ARTICLE ABSTRACTThe aim of the study is blocking the recruitment of a protective stroma by altering the crosstalk between normal stromal cells and tumor cells for stripping tumors of the protection conferred by the microenvironment.
A transcriptomic analysis of cocultured normal colonic fibroblasts and colorectal tumor cells was performed. We focused on the study of molecules that mediate the communication between both compartments and that entail fibroblasts’ activation and the alteration of the sensitivity to chemotherapy. We identified targets for the blocking of the tumor–stroma interaction. Finally, we tested, in vivo, the blockade of the tumor–stroma interaction in orthotopic models derived from patients and in models of acquired resistance to oxaliplatin.
IL1β/TGFβ1 are the triggers for fibroblasts’ recruitment and conversion into carcinoma-associated fibroblasts (CAF) in colorectal cancer. CAFs then secrete proinflammatory factors that alter sensitivity in tumor cells, activating JAK/STAT and PI3KCA/AKT pathways. Blocking such crosstalk with a neutralizing IL1β antibody and a TGFBR1 inhibitor is relieved by the TAK1-mediated activation of the noncanonical TGFβ pathway, which induces a change in the cytokine/chemokine repertoire that maintains a sustained activation of AKT in tumor cells. TAK1 plus TGFBR1 inhibition blocks IL1β/TGFβ1-mediated fibroblast activation, decreasing the secretion of proinflammatory cytokines. In turn, tumor cells became more sensitive to chemotherapy. In vivo, the combination of a TAK1 inhibitor plus TGFBR1 inhibitor reduced the metastatic capacity of tumor cells and the recruitment of fibroblasts.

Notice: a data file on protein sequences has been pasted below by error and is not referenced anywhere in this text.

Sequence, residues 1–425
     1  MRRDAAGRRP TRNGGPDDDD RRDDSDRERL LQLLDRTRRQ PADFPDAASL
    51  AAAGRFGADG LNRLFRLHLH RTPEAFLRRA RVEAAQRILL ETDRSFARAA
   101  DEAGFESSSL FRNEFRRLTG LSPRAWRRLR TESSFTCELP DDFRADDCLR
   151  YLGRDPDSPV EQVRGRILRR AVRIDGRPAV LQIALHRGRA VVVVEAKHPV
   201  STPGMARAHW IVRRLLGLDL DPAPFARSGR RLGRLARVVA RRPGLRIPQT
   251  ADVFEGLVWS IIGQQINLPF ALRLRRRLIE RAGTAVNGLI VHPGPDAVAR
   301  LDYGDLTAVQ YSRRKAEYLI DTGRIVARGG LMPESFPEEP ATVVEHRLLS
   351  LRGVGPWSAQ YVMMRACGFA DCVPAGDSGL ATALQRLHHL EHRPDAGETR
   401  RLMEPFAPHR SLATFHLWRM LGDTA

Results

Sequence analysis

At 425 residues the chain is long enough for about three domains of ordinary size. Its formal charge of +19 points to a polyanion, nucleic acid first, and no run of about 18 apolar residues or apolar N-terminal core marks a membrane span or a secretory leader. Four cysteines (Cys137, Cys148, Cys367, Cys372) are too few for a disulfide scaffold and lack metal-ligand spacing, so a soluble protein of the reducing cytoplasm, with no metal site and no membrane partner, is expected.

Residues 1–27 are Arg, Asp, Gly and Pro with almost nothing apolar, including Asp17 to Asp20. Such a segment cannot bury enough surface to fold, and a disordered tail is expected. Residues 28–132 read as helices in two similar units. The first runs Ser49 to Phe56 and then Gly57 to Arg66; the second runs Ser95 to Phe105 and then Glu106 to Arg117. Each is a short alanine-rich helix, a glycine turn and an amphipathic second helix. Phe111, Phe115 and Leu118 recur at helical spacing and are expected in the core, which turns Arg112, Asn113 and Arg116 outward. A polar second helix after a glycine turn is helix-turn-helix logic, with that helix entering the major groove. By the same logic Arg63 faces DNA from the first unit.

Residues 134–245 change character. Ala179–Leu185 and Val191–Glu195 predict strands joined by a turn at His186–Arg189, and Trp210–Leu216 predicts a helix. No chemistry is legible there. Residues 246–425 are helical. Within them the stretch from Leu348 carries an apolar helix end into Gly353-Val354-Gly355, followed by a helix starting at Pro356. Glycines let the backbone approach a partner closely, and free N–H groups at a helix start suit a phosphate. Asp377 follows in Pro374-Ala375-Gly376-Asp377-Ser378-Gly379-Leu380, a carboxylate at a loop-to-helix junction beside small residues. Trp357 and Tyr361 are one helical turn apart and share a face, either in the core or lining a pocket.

Our findings provide a translational rationale for the inhibition of TAK1 and TGFBR1 to remove the chemoprotection conferred by CAFs.